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KCEC Hosts Afghan Artisan Rug Pop Up Shop in Charleston

The aid program, designed to create jobs in Afghanistan, hosted a successful pop up shop featuring 800+ handmade rugs by 10 leading Afghan producers.

Lisa Vincenti
picture of rug shoppers looking at rug
KCEC is showcasing hundreds of made in Afghan hand-knotted rugs at Fine Rugs of Charleston.

CHARLESTON, S.C. -- The Kabul Carpet Export Center (KCEC), a program designed to create jobs in Afghanistan, hosted a special pop up shop featuring 800+ handmade rugs by 10 leading Afghan producers from June 26 to July 5 in Charleston -- and it was a resounding success.

The Afghan Artisan Rug Pop-up showcased hand-woven rugs made from hand-spun wool with natural dye at Fine Rugs of Charleston on 1523 Meeting Street Rd.

Shoppers of the Afghan made pop-up shop set up at Fine Rugs of Charlestons were hungry to buy quality hand-mades and help Afghani weavers.

"The show was a solid success -- we sold twice as many rugs as we had set as our goal," said Stephen Landrigan, with KCEC. "The support of Charleston people for Afghan women was palpable."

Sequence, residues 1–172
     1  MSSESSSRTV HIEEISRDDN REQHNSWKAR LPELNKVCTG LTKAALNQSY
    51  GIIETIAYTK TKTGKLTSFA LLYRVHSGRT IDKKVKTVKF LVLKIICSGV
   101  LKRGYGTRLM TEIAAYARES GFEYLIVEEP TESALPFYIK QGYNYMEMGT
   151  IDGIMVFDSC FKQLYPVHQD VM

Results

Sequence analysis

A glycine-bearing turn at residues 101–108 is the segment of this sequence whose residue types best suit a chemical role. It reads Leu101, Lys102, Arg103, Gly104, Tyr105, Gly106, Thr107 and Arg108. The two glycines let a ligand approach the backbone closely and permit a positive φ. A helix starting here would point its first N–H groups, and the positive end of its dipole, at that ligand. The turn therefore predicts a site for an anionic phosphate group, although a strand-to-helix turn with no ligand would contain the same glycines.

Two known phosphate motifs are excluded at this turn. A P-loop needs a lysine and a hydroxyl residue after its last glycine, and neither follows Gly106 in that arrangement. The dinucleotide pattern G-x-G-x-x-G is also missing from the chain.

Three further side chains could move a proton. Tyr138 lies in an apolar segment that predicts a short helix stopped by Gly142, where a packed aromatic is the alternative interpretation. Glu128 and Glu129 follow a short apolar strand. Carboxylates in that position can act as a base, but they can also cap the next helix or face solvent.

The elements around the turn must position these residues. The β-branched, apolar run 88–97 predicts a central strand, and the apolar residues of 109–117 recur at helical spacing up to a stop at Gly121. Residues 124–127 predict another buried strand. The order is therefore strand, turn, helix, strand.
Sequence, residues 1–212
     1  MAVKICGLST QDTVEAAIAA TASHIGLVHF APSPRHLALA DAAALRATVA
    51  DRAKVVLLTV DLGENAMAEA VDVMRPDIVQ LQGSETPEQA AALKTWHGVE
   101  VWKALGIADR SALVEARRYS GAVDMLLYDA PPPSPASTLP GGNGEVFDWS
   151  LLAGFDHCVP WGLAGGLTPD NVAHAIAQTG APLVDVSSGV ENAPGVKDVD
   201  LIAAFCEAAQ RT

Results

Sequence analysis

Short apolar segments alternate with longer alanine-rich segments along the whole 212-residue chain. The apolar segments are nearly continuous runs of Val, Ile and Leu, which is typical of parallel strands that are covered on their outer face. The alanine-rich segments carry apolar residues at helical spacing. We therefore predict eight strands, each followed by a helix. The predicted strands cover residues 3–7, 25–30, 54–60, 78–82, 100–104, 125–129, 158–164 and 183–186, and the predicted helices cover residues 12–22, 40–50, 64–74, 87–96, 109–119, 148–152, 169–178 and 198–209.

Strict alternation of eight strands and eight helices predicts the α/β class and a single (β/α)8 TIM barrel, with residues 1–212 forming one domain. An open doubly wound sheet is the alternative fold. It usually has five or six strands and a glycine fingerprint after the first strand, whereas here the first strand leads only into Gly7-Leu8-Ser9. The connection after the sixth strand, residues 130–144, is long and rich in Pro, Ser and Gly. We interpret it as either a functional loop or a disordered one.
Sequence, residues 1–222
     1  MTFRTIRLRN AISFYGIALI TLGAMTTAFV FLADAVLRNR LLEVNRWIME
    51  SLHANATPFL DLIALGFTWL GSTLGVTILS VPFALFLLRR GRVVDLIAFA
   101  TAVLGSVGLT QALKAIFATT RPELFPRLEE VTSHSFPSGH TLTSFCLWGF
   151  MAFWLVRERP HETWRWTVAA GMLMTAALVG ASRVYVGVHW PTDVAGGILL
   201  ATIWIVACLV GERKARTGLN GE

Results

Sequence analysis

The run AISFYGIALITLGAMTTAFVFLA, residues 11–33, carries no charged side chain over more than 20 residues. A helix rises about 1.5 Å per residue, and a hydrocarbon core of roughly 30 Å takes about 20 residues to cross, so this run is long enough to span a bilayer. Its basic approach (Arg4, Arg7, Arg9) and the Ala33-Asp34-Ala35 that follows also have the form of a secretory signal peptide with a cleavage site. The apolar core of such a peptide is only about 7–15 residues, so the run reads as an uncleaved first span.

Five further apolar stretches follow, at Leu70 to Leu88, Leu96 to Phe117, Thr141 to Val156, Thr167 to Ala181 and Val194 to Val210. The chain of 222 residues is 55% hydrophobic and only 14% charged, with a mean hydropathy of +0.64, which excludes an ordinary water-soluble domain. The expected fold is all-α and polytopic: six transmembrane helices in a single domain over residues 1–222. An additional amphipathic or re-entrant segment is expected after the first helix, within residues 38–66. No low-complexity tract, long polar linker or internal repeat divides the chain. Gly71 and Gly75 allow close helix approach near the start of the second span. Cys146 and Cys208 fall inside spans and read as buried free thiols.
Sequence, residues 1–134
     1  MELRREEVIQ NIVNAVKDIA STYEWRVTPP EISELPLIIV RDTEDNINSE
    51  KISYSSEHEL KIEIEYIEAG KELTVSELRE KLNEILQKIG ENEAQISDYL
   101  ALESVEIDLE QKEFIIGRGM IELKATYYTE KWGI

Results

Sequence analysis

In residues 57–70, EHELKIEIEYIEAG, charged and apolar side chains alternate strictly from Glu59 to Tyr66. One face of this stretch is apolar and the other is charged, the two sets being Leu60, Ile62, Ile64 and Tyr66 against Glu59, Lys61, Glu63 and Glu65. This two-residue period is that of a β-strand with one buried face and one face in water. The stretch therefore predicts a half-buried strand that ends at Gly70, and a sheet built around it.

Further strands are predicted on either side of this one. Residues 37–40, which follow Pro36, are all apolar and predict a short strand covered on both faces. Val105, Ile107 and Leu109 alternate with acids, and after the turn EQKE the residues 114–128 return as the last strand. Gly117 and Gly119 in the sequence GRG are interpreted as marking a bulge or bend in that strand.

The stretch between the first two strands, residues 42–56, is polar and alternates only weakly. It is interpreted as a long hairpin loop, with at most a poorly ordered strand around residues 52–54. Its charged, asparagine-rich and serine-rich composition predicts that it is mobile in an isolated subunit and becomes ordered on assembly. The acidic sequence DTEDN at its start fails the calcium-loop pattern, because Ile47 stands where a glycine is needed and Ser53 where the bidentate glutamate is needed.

Rob Leahy, owner, Fine Rugs of Charleston, founded the Kabul Carpet Export Center (KCEC), which launched in the fall of 2018 with $9 million in funding from the U.S. Agency for International Development (USAID), hosted the pop-up shop at Fine Rugs of Charleston. KCEC was the brainchild of carpet industry veterans Leahy, Richard Ringrose, Alex Zahir and Stephen Landrigan working together as Impact Carpet Associates, LLC, headquartered in Charleston to develop the concept for KCEC.

The KCEC team hosted its second pop up shop and said it was a success. From left, Rob Leahy, managing director of KCEC; Alex Zahir, production director; David Bailey, senior private sector advisor, US Agency for International Development (USAID); and Stephen Landrigan, communications director of KCEC.

"KCEC is a jobs creation program that stimulates employment for women and returning refugees," said Leahy. "Most rugs are woven by women in their homes and rug-making is one of the few ways women have of earning household income. They use knotting techniques that vary from one ethnic group to another, but have been handed down from mothers to daughters across generations."

KCEC's first pop up store was held last fall in NYC. The Charleston Afghan Artisan Rug Pop-up will run Monday to Friday from 10 a.m. to 5 p.m., and Saturday and Sunday from 11 a.m. to 3 p.m.
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